Trump Supporters Prefer Pence, DeSantis and Cruz for 2024 Presidential Run

Donald Trump's supporters have indicated that they would vote for Florida Governor Ron DeSantis, former Vice President Mike Pence, or Texas Senator Ted Cruz in a hypothetical 2024 presidential race, according to a new GOP survey.

The survey, which was conducted by GOP pollster Tony Fabrizio, found that the former president was by far the top choice for 2024 with 51 percent of Republican support.

But when Trump was taken out of the picture, DeSantis and Pence were tied at 22 percent as a second choice for voters. Following closely behind them was Cruz, with 19 percent of voters indicating support for the Texas Republican.

"If President Trump chose not to run, it's clear his supporters are already gravitating towards VP Mike Pence, Florida Gov. Ron DeSantis and Sen. Ted Cruz," Fabrizio told Politico.

However, Fabrizio added that there is "no question at this juncture that President Trump would dominate the 2024 field with no potential challenger even breaking onto double digits."

Among other names included in the survey with Trump on the ballot were former U.N. Ambassador Nikki Haley, who received 6 percent of support, while Utah Senator Mitt Romney received 5 percent. Florida Senator Rick Scott received zero percent, despite being a longtime Trump supporter.

With Trump included, Cruz received just 3 percent and Florida Senator Marco Rubio got 2 percent. Others, including South Dakota Governor Kristi Noem, Maryland Governor Larry Hogan, Senators Tom Cotton of Arkansas and Josh Hawley of Missouri, and former Secretary of State Mike Pompeo received 1 percent.

The poll was conducted between February 20—March 2 using a sample of 1,264 voters who are registered or affiliated as Republicans. The margin of sampling error is plus or minus 2.7 percent.

The survey comes amid growing support for DeSantis, who has increasingly been seen as a possible front-runner for 2024.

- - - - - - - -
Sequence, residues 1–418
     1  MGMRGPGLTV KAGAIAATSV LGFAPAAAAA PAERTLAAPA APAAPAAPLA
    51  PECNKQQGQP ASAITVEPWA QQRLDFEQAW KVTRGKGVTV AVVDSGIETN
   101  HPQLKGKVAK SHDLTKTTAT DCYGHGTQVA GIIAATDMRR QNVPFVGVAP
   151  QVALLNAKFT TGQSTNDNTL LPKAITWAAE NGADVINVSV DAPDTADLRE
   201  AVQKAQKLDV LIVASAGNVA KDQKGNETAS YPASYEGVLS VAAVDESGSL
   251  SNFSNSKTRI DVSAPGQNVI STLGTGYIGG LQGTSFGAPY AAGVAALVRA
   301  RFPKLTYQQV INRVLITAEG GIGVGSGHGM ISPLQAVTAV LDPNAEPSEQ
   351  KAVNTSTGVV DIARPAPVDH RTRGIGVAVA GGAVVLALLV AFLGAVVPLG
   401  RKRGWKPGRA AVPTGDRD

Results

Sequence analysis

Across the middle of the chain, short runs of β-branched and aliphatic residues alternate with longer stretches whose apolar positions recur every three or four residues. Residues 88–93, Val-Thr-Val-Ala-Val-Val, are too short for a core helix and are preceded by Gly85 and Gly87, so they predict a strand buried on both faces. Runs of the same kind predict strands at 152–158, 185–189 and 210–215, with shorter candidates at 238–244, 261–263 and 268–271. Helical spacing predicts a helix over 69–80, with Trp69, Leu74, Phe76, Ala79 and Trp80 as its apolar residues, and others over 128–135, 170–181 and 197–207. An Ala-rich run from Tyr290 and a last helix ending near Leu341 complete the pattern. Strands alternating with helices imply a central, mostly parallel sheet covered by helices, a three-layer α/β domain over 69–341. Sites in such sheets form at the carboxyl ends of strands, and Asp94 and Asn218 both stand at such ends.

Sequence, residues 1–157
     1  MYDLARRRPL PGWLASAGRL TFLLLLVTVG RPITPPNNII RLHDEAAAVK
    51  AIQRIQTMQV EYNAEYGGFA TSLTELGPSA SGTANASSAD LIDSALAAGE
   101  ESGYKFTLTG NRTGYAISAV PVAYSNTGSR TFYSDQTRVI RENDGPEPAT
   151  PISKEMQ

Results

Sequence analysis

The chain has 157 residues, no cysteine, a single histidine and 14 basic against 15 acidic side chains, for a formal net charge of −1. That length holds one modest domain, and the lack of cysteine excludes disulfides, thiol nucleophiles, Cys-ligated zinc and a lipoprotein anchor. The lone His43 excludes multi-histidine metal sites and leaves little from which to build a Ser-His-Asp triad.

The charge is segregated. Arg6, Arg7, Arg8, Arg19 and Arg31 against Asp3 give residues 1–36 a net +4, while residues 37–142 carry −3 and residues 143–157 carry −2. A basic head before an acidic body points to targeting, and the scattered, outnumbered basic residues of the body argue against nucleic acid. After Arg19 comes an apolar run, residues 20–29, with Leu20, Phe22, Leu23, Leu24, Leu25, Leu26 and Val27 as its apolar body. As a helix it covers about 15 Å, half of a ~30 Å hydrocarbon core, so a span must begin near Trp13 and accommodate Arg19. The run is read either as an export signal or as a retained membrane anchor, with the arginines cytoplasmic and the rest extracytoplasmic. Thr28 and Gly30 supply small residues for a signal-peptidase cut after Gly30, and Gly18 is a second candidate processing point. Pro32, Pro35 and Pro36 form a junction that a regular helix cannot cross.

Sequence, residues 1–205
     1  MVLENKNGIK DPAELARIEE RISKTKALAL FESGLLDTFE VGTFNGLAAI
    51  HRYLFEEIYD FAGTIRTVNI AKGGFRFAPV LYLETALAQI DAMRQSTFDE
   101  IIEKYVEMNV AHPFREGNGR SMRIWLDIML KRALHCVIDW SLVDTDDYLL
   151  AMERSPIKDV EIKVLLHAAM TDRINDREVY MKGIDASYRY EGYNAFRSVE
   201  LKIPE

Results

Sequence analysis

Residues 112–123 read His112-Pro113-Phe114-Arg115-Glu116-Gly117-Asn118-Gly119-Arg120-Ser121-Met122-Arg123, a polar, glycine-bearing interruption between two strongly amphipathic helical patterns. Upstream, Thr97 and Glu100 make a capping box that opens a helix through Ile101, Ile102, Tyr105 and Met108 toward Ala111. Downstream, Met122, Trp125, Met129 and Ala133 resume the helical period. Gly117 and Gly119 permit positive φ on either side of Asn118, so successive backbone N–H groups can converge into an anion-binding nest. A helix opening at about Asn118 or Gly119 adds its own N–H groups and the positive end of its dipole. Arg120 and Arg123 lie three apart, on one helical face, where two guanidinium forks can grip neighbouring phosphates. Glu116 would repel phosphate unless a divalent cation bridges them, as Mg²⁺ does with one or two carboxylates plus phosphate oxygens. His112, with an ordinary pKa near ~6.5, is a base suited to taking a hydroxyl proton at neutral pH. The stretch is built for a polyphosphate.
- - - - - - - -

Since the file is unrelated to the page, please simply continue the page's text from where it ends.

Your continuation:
DeSantis/Pence
Former Vice President Mike Pence and Florida Governor Ron DeSantis are tied in a new hypothetical GOP poll of 2024 presidential candidates. Here, Pence listens as DeSantis speaks during a discussion held at Port Everglades about possible COVID issues that the cruise line company leaders are experiencing on Saturday on March 7, 2020, in Fort Lauderdale, Florida. Joe Raedle/Getty Images

Over the past month, DeSantis has made several high-profile appearances and been lauded for his outspoken support of Trump. The Florida governor has also been praised by Republicans for leaving the economy open with a hands-off approach at handling the coronavirus pandemic.

Democrats have criticized that approach and have recently alleged that DeSantis has targeted the "whitest and richest" areas across the state to receive vaccines.

But in a poll published on Tuesday, DeSantis received a 53 percent approval rating from Florida residents, an increase from his rating at the same time last year.

"In order to run for president, you need to have your home state, you need your home base," Fabrizio said in February. "And DeSantis clearly has that."

Meanwhile, Pence has remained relatively quiet since leaving office. On Wednesday, the former vice president penned an op-ed in which he questioned the integrity of the 2020 election and attacked Democrats for pushing forward election reform legislation.

Cruz, on the other hand, received backlash last month for traveling to Cancun, Mexico, while constituents in his state were battling an unprecedented winter storm and cold temperatures. He made an appearance at the Conservative Political Action Conference (CPAC) last week, in which he doubled down on his support for Trump and said the former president "ain't going anywhere."

Though Trump has made no official commitment to run again in 2024, on Sunday, the former president signaled a potential bid in a fiery speech at CPAC.

"I may even decide to beat them for a third time," he said, implying that he won the 2020 election against President Joe Biden.

Newsweek contacted Trump for additional comment but did not hear back in time for publication.